Although heat is part of the name, you can use a heat pump for air conditioning. It works by moving heat instead of generating it (the way a furnace does) which is why it also is used as a dual function system. It's true that heat pumps can be very efficient, but most air conditioners are about equal in terms of their efficiency. Just look at these two luxury level systems from Lennox.
XC25 Air Conditioner
up to 26 SEER
ENERGY STAR® Qualified
XP25 Heat Pump
up to 23.5 SEER
up to 10.2 HSPF
ENERGY STAR® Qualified
What is SEER and HSPF?
SEER is an efficiency guideline for air conditioners, and the larger the number, the better it is. The difference between 23.5 and 26 is not astounding though, and the efficiency varies depending on the model. On the other hand, HSPF is a rating system that stands for "heating seasonal performance factor" and is unique to heat pumps. It tells you how efficient the system is at heating. Notice from these examples by looking at the SEER rating, air conditioners are about equal, if not superior depending on the model you choose. The biggest difference between heat pumps and ACs is that heat pumps can also warm up your home while an AC only cools.
Does climate matter for heat pumps?
Heat pumps are most effective in warm climates with less severe winters, save for some integrated systems that use heat pumps as an auxiliary, such as with a geothermal system. We encourage you to consult with a NATE certified HVAC tech who has experience in your area before settling on a heat pump. If the equipment just isn't right for your climate, you could have unnecessarily high electric bills. Once the temperature gets too low, it's difficult for the heat pump to draw heat out of the air and it may never warm your home to the temperature you set. This means you might unknowingly begin running your heat pump non-stop or switching on emergency heat 24/7 during colder months which drives your energy consumption through the roof.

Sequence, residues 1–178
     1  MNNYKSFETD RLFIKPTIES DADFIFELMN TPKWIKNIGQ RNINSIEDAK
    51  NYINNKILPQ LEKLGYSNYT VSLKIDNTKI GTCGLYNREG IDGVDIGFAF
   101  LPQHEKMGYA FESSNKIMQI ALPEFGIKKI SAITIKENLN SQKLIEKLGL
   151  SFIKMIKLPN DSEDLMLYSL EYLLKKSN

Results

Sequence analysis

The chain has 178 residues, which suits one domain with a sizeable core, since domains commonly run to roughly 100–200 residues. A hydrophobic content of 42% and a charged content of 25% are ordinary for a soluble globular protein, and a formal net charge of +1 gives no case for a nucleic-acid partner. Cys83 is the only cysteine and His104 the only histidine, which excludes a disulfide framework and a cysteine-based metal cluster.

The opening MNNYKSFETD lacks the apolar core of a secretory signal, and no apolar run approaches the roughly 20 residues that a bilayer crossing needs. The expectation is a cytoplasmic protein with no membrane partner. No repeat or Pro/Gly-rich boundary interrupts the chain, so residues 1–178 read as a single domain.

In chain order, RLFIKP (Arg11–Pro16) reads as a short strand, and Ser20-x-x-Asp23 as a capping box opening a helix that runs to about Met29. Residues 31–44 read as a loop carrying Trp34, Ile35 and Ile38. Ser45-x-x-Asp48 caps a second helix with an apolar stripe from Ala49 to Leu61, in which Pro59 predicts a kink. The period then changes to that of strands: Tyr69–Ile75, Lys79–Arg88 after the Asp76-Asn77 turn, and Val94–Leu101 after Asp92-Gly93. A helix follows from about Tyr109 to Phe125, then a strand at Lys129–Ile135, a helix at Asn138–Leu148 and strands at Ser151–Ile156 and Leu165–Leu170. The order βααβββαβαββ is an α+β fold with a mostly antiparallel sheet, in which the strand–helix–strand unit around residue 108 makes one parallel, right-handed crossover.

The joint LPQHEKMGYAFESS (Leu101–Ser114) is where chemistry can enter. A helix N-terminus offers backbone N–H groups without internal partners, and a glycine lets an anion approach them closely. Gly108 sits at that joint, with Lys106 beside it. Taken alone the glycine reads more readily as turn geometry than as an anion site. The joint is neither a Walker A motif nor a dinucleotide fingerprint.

How does a heat pump compare to a furnace?
A furnace is a more robust heating system
and is essential for certain chillier climates. That’s because a heat pump has trouble when the weather hits about 40 degrees Fahrenheit, or 4.4 degrees Celsius. As odd as it seems, during cooler temperatures, a heat pump is intended to extract heat from the outside air and use it to warm the inside air. Just because the air outside feels cold, there is still plenty of available heat for the heat pump to work properly, but in exceptionally cold climates there is not sufficient heat available outside to warm the inside air to higher temperatures needed to stay warm. So while a heat pump may work perfectly during the heating season for someone in Daytona Beach, someone living in upstate New York with a heat pump would likely also need a furnace for the more extreme temperatures. If freezing temperatures hit and you don’t have a furnace to take over, a heat pump could run for hours trying to keep your home warm enough.
How to achieve maximum efficiency with your heat pump
In some areas, heat pumps can be used with geothermal systems, and the heating source is better for the environment as it is not burning fossil fuels and, instead, uses the Earth’s native temperature to heat and cool. This is a fantastic alternative for specific northern areas, but more land must be available in order to install the necessary piping for a geothermal system.
When it comes to home comfort, you probably didn’t need anything else to think about; but, remember, it’s important to consider the pros and cons of each heating and cooling system so you don’t end up buying a system that turns off when extreme temperatures hit, or investing in additional systems when one would suffice.
If you still aren’t convinced which system is best for your home, call TML Service Experts to schedule
a free in-home quote. We are available to answer any and all of your questions to ensure you make the right choice for your home.